A poster showing Hezbollah leader Hassan Nasrallah with in Arabic: "for you the promise," is seen, as Lebanese Shiite women arrive outside a polling station in Beirut's southern suburb of Dahiyeh, Lebanon, Sunday, June 7, 2009. Image Credit: ASSOCIATED PRESS

Beirut: After five largely inconclusive rounds of talks between the Future Movement and Hezbollah whose principal goal aimed to defuse sectarian tensions in the country, a partial accord was reached to remove party banners and photos of politicians—both local and foreign—from Beirut streets. On Thursday, the first banners were removed along the airport road, a stretch of about 10 kilometres (6.2 miles) that stood as impeccable eyesores. Similar efforts were promised for several other cities throughout the country, although the primary focus was the capital.

According to the governor of Beirut, Ziad Shebib, 90 percent of political banners and posters would be removed before the end of this weekend. In a moment of utter hubris, Shebib affirmed that he and his team “will work from now on to make Beirut appear civilized,” which raised troubling questions, as to whether this was a mere show.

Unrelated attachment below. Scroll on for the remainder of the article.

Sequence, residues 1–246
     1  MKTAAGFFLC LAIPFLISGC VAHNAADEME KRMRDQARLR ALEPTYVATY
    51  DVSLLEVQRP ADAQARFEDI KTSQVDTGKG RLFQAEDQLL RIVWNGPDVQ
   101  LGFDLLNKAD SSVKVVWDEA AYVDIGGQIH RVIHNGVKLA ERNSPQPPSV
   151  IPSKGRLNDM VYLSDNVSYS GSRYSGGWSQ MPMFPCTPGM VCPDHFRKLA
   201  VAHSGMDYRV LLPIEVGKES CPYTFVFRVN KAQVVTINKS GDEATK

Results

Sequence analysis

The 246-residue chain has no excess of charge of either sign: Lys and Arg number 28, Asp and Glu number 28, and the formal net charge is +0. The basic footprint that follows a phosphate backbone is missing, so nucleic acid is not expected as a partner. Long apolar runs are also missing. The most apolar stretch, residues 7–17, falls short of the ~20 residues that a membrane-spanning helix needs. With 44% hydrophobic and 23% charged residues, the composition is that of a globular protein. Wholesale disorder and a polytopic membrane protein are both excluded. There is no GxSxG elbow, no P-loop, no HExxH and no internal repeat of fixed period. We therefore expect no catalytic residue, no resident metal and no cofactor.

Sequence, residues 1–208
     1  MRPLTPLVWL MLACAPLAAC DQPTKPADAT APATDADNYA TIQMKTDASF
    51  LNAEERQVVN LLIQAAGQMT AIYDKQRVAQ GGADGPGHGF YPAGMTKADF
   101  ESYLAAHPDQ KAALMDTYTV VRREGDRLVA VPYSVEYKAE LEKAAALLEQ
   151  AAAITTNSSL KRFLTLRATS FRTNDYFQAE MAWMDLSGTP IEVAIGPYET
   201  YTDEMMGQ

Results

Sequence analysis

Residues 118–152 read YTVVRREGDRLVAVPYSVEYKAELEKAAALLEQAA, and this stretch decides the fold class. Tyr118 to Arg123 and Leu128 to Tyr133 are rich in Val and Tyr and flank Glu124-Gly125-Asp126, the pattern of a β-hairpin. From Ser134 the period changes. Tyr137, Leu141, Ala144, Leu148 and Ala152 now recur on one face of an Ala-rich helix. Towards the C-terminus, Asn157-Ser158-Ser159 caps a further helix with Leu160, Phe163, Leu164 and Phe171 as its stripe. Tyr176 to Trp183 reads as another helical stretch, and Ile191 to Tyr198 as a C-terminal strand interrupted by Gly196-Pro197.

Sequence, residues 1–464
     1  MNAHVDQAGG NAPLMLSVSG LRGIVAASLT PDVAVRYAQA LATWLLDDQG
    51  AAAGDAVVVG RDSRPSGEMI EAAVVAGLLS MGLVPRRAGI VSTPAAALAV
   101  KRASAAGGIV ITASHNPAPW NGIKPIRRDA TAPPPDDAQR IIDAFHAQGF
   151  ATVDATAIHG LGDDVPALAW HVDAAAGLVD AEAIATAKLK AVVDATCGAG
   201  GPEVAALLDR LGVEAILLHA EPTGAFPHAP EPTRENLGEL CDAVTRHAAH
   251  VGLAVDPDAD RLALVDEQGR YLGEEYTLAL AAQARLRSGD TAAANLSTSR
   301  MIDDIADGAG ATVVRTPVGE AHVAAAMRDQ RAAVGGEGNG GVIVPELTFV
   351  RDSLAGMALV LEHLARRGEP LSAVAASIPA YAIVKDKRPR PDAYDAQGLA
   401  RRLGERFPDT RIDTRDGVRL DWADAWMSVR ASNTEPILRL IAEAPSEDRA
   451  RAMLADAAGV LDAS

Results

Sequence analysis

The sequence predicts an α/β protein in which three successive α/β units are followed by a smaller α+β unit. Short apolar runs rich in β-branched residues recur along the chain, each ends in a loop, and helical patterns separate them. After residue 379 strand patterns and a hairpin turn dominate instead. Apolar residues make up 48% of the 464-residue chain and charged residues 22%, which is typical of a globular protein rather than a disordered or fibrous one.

In the event, the campaign received political cover from the two political parties engaged in stealthy dialogues, to address grave public concerns. Although Shebib asserted that cleanup operations were under way “in all regions without exception,” the accord included an exception, Beirut’s Southern suburbs known as the “Dahiyah” that is a Hezbollah stronghold. Lebanese were undoubtebly happy about the development, but still very pessimistic about the greater political situation. Walking on the Raouche Corniche, Hussain Fakih, a resident of Dahiyah, yelled: ‘A’balna (colloquial for “hope our turn is next”). “This is a great idea,” said Mohammad Sabti, a student, as he walked down Bliss Street near the American University of Beirut, “but its very cosmetic. Let’s see our dear politicians agree on more important things like electing a president.”